For me, summer constitutes a time to remember that I actually do care about learning, despite what my spring semester attitude might say otherwise. I exchange assigned books for ones that have been on my shelf since Christmas, sitcoms for documentaries and soft sci-fi for hard sci-fi. So putting aside Marvel, for the time being, I binged “The Expanse.” While I didn’t tear up during “Avengers: Endgame,” I did cry while watching season three of this brilliant series.
In the multitude of science fiction shows to choose from, “The Expanse” sets itself apart in its plausibility. Varied spin-offs of “Star Trek,” which might be the best-known sci-fi television show, struggle to stay relevant and believable while not drifting too far away from the original sixties series. “The Expanse” has no such obligations. Its landscape falls more into political drama, spanning between a U.N. controlled Earth, the highly militaristic Mars and the economically abused “Belt.” Please stifle your yawns, though. The first season definitely takes a minute to become interesting, but its diverse, psychologically complex characterizations compensate for any initial confusion.
The main cast follows James Holden (Steven Strait), your typical troubled — not to mention well-kempt — hero aboard a mining ship. After unintentionally getting caught in a political scheme, he and surviving crew mates need to fight for their protection which drags them further into the solar system’s unrest. The crew, including cowboy pilot Alex Kamal (Cas Anvar), clever and level-headed Naomi Nagata (Dominique Tipper) and cuddly sociopath Amos Burton (Wes Chatham) slowly come into the orbit of a system-wide mystery. The investigation is lead in the Belt by the volatile detective Joe Miller (Thomas Jane — yes, the one from the disturbing and little known Stephen King movie, “The Mist.”) His investigation follows the disappearance of a wealthy Earth girl, Julie Mao (Florence Faivre), which seems fairly standard until his findings get shut down. The turmoil that ensues entangles diplomatic tension, xenophobia, space combat and some weird alien growth called the “protomolecule.” But, no, I won’t give you any more than that, partially because I want to entice you into watching and also because it’s just too complicated to fit everything here.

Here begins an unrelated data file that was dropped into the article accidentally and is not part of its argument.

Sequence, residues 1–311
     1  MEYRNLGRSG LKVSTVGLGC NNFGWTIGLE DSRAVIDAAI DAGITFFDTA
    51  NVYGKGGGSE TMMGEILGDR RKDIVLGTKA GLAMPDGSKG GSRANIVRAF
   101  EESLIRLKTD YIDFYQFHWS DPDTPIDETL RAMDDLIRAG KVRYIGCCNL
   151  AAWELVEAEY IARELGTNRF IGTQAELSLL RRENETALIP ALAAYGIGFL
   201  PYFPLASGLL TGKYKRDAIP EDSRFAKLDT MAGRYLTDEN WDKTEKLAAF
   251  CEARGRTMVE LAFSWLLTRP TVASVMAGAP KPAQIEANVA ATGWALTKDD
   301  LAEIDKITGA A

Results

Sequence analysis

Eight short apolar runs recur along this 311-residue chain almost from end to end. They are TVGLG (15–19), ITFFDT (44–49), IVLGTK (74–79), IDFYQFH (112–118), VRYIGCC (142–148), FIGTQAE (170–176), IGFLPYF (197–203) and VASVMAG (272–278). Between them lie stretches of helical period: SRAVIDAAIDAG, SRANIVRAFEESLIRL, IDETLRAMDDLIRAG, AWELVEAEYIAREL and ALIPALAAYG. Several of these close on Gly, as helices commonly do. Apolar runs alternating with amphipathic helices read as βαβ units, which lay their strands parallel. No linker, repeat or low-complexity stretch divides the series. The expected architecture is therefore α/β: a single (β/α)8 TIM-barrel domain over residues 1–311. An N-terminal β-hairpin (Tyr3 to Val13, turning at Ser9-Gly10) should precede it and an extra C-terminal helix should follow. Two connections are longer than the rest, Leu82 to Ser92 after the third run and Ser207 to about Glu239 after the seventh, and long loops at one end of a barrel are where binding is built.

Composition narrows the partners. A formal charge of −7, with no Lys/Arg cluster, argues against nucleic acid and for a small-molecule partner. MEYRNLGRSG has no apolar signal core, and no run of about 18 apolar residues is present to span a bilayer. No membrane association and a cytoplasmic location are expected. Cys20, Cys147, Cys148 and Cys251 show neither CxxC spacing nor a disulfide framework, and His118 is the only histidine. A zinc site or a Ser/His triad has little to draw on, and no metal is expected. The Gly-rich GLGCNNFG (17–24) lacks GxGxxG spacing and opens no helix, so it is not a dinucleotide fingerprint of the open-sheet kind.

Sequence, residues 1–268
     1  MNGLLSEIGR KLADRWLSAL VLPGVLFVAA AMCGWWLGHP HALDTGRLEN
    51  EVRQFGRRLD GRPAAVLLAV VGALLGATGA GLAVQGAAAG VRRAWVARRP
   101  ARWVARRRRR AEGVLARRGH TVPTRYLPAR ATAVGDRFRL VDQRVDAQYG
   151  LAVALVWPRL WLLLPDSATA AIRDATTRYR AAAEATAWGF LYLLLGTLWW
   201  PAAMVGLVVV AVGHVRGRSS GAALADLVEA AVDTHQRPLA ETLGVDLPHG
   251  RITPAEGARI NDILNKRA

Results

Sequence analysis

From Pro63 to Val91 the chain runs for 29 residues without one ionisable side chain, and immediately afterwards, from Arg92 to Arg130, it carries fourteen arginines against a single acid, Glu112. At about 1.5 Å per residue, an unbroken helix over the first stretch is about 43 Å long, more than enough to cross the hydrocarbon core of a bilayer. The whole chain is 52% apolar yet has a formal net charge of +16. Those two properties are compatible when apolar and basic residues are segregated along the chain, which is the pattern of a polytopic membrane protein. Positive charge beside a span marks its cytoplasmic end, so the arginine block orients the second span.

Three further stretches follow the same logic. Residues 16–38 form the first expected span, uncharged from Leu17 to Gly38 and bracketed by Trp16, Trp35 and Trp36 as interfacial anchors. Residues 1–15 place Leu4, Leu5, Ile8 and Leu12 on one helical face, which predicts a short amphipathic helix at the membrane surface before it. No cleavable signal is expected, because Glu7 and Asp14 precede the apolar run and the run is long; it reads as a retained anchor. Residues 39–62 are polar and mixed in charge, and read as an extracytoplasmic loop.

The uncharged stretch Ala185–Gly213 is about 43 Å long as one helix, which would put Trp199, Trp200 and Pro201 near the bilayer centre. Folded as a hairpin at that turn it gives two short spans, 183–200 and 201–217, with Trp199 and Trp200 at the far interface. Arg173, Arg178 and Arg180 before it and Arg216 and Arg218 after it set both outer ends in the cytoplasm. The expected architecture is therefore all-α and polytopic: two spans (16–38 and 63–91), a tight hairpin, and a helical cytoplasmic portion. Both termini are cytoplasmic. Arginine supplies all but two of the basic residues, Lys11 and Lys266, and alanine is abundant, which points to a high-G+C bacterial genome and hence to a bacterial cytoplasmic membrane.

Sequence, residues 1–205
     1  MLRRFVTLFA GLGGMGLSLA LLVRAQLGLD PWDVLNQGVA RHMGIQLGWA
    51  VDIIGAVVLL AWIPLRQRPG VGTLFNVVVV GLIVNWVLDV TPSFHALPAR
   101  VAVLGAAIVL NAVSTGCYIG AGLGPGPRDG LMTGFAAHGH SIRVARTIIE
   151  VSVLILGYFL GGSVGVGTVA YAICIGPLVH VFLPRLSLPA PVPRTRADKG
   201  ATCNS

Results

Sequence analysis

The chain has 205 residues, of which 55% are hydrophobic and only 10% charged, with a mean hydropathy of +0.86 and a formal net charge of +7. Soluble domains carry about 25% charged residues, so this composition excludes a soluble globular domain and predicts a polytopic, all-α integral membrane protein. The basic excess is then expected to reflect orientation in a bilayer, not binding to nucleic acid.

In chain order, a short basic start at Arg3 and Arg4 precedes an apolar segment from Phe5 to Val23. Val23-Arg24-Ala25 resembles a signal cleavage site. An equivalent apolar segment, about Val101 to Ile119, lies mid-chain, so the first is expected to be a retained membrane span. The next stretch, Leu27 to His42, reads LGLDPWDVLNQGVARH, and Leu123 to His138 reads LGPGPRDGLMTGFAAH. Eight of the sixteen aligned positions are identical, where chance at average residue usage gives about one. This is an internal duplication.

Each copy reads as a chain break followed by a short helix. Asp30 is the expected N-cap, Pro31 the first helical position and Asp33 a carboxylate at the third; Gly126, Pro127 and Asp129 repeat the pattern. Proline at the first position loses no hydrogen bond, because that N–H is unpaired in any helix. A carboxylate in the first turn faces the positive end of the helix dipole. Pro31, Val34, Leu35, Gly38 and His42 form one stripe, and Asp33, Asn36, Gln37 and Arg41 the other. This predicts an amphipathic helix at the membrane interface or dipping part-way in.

To Binge or Not To Binge?
Absolutely to binge. Granted, I wouldn’t recommend this show to just anybody — it’s intricate and occasionally slow with nuanced political intrigue. It isn’t your “I just need something to stare at to unwind” kind of show. But if you have the patience, I would say that “The Expanse” deserves your attention. Every single character, regardless of how minor, has a layer — a quality probably indebted to the fact that the show started as a book series. The future it depicts is rendered almost to perfection, not in the utopian sense, but in terms of detail. The impact of gravity, technology, genetics, religion, cultural repercussions and more gets packaged into each episode like an ideal game of Tetris. While the first season does take time to gain momentum, the mystery genre helps introduce the audience to the world.
By season two, the show has established the direction it will take and every episode can be described as captivating. Although “The Expanse” does a good job of making sure character dynamics are shown through every coupling, the show rarely has sentimental moments. As a result, they mean more when they occur. The scene that made me cry? An interaction where Alex offers to make dinner in season three. Little moments like this become endearing. Vicious diplomatic heads become favorite characters. Political perspectives are so diverse that you may want to add your own voice to the science “friction.” My only caution is to watch with subtitles. The “Belt” has a pidgin language that reflects the painstaking effort put into the show’s conceptualization but is often impossible to follow.
The SyFy channel just released its third season before canceling it. While canceling might usually signal a failing show, that does not automatically mean that the show’s quality is poor (“Firefly,” anyone?) Thankfully, Amazon picked it up for the fourth season, so hopefully the production value and character development continues to impress.
Season 3, Episode 6: “Immolation.” A beautiful culmination of the series’ tension, although “Leviathan Wakes” from season 1 took a Hugo award and “Abaddon’s Gate” from season 3 is up for the same award.
“The 100,” “The Orville,” “Star Trek: Discovery,” “Battlestar Galactica,” “Dark Matter,” “Firefly,” “Killjoys,” “Babylon 5,” “Farscape” and “Ascension”
Be prepared for some pretty graphic scenes and frequent swearing.
5 out of 5 stars
Available to stream on Amazon Prime
36 episodes, 1,566 minutes (a little over a day if you’re really dedicated)